Magnalube-G PTFE grease handles high loads, extreme temperatures One example of high-performance grease designed specifically for high temperatures, high loads, and extended operating life is Magnalube-G from Magnalube Inc. This specialized formula is a non-soap elastomer/PTFE lubricating grease made of superior raw materials, including a base fluid of highly refined paraffinic mineral oil. The unique formula molecularly binds PTFE with polyurea for long-life performance in a range of industries and applications, lasting for more than 10 years in many sealed-for-life applications. Magnalube-G is widely specified in construction, industrial, and medical equipment, as well as computer components, robotics, electric motors, air cylinders, and hydraulic machinery, among many other uses. This specialized grease is fortified with several additives that inhibit rust and oxidation and resist extreme pressure. It performs well in harsh environments, achieving excellent test results regarding water washout, salt spray, and boiling water immersion. In addition to superior performance in high-temperature environments, Magnalube-G also features excellent thermal stability and consistent performance across a wide temperature range of -40 to 530 F. The waterproof formula does not contain any metals, yet it outperforms traditional soap-based greases, such as lithium grease. It also exhibits high mechanical stability, keeping its consistency and not hardening or softening as many other types of grease do when subjected to various forces. High dielectric strength is another key feature of Magnalube-G, as it is nonconductive and offers dielectric properties similar to those of silicone greases.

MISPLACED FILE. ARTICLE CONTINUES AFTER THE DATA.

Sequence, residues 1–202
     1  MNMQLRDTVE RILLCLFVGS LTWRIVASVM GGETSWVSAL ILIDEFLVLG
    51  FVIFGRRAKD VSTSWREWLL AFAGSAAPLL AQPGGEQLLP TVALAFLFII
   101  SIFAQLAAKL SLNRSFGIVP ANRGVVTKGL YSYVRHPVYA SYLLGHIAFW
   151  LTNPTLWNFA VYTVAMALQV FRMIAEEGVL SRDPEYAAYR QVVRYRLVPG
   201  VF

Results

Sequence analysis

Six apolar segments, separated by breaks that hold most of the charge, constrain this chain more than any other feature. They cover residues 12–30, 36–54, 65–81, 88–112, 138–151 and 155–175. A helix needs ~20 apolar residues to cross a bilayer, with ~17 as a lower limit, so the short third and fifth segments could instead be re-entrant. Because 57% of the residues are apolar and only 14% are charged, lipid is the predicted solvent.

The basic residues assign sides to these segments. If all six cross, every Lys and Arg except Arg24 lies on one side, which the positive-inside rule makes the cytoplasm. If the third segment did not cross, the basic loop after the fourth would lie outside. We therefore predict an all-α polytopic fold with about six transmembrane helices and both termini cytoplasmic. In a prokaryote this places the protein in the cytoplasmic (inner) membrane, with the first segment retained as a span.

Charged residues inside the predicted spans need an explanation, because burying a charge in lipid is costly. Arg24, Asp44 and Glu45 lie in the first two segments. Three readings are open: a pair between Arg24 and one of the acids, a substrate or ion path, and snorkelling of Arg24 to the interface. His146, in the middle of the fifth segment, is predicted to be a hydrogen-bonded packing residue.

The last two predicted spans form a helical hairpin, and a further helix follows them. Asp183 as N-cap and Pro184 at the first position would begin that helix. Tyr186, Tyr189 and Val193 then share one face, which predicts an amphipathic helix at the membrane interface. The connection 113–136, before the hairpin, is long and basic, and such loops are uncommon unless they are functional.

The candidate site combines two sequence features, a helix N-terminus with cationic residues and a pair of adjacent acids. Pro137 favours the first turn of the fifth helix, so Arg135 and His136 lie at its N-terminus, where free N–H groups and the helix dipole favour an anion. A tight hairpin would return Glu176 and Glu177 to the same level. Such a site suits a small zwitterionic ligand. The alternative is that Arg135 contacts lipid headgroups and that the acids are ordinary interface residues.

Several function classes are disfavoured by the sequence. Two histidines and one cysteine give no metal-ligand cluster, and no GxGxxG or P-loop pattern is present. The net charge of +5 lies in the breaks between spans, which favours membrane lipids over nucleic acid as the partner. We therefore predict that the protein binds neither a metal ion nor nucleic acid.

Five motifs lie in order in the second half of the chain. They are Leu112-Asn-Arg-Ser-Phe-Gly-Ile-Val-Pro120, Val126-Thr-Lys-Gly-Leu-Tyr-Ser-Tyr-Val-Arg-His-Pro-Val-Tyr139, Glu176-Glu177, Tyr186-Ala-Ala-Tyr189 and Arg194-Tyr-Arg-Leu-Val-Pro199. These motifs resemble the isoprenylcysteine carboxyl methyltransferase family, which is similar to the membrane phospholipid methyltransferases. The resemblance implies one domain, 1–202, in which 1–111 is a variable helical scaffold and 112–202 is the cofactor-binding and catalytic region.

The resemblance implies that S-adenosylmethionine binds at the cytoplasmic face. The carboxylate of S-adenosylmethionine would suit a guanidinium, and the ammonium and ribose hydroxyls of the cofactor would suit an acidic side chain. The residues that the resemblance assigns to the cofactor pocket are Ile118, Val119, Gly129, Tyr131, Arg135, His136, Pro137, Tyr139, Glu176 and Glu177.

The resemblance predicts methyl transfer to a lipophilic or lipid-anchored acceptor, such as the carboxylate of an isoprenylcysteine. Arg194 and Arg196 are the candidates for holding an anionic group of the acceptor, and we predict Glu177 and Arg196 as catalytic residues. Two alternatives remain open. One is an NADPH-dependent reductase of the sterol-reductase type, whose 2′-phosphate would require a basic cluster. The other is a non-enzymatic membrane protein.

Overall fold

and boundary lubrication to avoid metal-on-metal contact. This dual approach to lubrication is especially important in applications that generate high loads and slow speeds, because a true hydrodynamic fluid wedge cannot be maintained in these conditions: The oil film will either be squeezed out due to pressure, or the sliding motion will not be fast enough to maintain the lubricating film. Magnalube-G uses boundary lubricant materials made of polyamidcarbonyl solids, specifically PTFE polyurea an extreme pressure boundary lubricant that can handle 10,000 lb per square inch in pure powder form. These solids, carried within the petroleum base oil, form a mechanical barrier that drastically reduces contact between moving parts. Therefore, the petroleum oil performs double duty as a carrier for the boundary lubricant, while also lubricating under the mathematical principle of hydrodynamic lubrication. Magnalube-G continues to lubricate machinery with a fine microscopic film even after the grease has extruded away. When selecting the correct lubricant for an application, design engineers should discuss application details with their lubrication supplier at the earliest opportunity. If a customized formulation is required, specialty lubricant manufacturers such as Magnalube Inc. can offer various additives to suit application-specific requirements. For more information, contact Magnalube Inc. at (718) 729-1000 or visit www.magnalube.com.

Best of both worlds: Hydrodynamic and boundary lubrication While many lubricating oils and greases employ hydrodynamic lubrication to separate surfaces by creating a very thin oil film between moving parts, Magnalube-G uses both hydrodynamic
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1.718.729.1000

E-mail: info@magnalube.com

www.magnalube.com